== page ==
Compare any two graphics cards:
GeForce GTX 580 3GB vs Radeon HD 5970
IntroThe GeForce GTX 580 3GB makes use of a 40 nm design. nVidia has clocked the core frequency at 772 MHz. The GDDR5 RAM is set to run at a frequency of 1002 MHz on this specific model. It features 512 SPUs as well as 64 Texture Address Units and 48 Rasterization Operator Units.
Compare those specifications to the Radeon HD 5970, which comes with a core clock frequency of 725 MHz and a GDDR5 memory speed of 1000 MHz. It also features a 256-bit bus, and makes use of a 40 nm design. It is made up of 1600 SPUs, 160 TAUs, and 64 Raster Operation Units.
Power Usage and Theoretical Benchmarks
Power Consumption (Max TDP)
Theoretically speaking, the Radeon HD 5970 will be 33% quicker than the GeForce GTX 580 3GB in general, due to its higher bandwidth. (explain)
Texel RateThe Radeon HD 5970 should be a lot (approximately 370%) more effective at AF than the GeForce GTX 580 3GB. (explain)
Pixel RateThe Radeon HD 5970 will be a lot (more or less 150%) faster with regards to anti-aliasing than the GeForce GTX 580 3GB, and should be capable of handling higher resolutions without losing too much performance. (explain)
Please note that the above 'benchmarks' are all just theoretical - the results were calculated based on the card's specifications, and real-world performance may (and probably will) vary at least a bit.
One or more cards in this comparison are multi-core. This means that their bandwidth, texel and pixel rates are theoretically doubled - this does not mean the card will actually perform twice as fast, but only that it should in theory be able to. Actual game benchmarks will give a more accurate idea of what it's capable of.
Please note that the price comparisons are based on search keywords - sometimes it might show cards with very similar names that are not exactly the same as the one chosen in the comparison. We do try to filter out the wrong results as best we can, though.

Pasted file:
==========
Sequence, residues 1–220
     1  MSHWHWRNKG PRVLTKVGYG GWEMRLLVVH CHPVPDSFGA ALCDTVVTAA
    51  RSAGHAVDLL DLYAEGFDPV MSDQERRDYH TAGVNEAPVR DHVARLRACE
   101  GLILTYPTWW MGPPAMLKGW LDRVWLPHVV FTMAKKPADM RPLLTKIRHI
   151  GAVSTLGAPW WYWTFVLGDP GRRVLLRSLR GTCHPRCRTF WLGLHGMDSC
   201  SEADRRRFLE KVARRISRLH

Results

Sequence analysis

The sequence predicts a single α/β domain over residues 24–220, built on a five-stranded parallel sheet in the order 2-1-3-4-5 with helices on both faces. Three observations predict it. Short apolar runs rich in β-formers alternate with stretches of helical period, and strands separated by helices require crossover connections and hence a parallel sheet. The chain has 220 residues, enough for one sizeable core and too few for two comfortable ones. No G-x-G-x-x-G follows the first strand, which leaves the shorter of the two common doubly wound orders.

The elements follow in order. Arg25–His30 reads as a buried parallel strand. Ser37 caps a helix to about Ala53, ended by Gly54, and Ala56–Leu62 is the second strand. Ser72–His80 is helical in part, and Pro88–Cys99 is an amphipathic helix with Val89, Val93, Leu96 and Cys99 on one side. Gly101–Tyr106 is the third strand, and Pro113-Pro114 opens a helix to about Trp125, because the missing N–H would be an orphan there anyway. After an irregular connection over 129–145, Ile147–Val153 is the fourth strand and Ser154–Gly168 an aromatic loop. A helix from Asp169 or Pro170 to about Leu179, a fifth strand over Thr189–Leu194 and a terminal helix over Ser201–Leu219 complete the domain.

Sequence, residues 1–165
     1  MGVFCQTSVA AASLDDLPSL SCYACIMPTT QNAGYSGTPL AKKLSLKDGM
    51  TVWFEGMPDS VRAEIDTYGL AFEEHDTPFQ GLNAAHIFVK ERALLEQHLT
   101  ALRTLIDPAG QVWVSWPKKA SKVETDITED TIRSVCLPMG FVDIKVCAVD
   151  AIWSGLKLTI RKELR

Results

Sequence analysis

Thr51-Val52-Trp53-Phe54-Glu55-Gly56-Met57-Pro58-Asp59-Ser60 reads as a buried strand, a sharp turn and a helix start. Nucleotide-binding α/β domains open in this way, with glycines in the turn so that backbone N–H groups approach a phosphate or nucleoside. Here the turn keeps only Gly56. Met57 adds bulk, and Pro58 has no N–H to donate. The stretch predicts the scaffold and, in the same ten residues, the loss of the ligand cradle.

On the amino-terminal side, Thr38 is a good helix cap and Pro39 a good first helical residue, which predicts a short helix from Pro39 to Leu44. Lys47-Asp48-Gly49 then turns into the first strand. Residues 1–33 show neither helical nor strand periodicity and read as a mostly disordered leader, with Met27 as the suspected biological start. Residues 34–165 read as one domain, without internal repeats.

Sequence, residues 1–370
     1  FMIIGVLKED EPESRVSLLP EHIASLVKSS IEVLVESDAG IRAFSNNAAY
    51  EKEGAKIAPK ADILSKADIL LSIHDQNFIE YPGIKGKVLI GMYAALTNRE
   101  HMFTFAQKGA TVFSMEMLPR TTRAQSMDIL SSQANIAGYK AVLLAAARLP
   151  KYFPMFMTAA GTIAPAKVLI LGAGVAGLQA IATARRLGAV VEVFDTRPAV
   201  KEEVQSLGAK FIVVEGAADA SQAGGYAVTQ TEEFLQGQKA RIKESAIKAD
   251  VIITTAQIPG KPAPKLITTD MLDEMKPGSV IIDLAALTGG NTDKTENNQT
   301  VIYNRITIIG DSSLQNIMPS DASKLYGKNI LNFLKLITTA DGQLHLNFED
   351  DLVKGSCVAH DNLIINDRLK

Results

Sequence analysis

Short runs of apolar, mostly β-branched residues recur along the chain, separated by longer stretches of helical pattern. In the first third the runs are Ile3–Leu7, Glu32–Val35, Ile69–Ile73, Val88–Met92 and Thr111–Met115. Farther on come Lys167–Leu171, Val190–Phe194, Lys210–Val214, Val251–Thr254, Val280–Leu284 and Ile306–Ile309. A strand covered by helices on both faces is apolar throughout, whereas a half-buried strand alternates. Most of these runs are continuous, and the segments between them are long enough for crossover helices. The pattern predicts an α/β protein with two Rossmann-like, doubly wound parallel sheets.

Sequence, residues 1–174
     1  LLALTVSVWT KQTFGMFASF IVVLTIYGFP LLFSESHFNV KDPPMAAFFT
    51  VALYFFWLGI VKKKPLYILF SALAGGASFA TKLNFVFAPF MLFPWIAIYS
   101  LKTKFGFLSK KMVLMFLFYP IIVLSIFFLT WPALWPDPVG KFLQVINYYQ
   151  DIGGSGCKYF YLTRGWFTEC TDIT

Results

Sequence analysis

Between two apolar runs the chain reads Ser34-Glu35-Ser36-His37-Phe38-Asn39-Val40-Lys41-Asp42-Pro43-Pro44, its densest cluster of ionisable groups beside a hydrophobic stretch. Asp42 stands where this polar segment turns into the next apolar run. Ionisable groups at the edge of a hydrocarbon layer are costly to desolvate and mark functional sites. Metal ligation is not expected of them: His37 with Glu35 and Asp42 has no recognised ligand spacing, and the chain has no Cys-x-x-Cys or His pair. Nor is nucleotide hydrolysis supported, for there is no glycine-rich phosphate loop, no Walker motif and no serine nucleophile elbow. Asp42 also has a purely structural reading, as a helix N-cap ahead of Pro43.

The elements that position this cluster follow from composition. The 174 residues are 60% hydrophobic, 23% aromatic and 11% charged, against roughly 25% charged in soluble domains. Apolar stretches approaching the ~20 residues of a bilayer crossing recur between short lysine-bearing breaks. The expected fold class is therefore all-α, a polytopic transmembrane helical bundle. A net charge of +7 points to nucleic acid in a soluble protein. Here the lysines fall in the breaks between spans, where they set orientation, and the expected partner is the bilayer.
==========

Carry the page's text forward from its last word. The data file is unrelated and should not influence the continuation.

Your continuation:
Memory Bandwidth: Bandwidth is the largest amount of information (in units of megabytes per second) that can be moved across the external memory interface in one second. It's worked out by multiplying the interface width by the speed of its memory. If it uses DDR RAM, it must be multiplied by 2 once again. If it uses DDR5, multiply by 4 instead. The better the bandwidth is, the better the card will be in general. It especially helps with AA, HDR and higher screen resolutions.
Texel Rate: Texel rate is the maximum amount of texture map elements (texels) that are applied per second. This figure is calculated by multiplying the total texture units of the card by the core speed of the chip. The better this number, the better the graphics card will be at texture filtering (anisotropic filtering - AF). It is measured in millions of texels applied in a second.
Pixel Rate: Pixel rate is the maximum amount of pixels that the graphics card could possibly write to the local memory in one second - measured in millions of pixels per second. The figure is worked out by multiplying the amount of ROPs by the the core clock speed. ROPs (Raster Operations Pipelines - aka Render Output Units) are responsible for outputting the pixels (image) to the screen. The actual pixel output rate also depends on lots of other factors, especially the memory bandwidth - the lower the memory bandwidth is, the lower the potential to reach the max fill rate.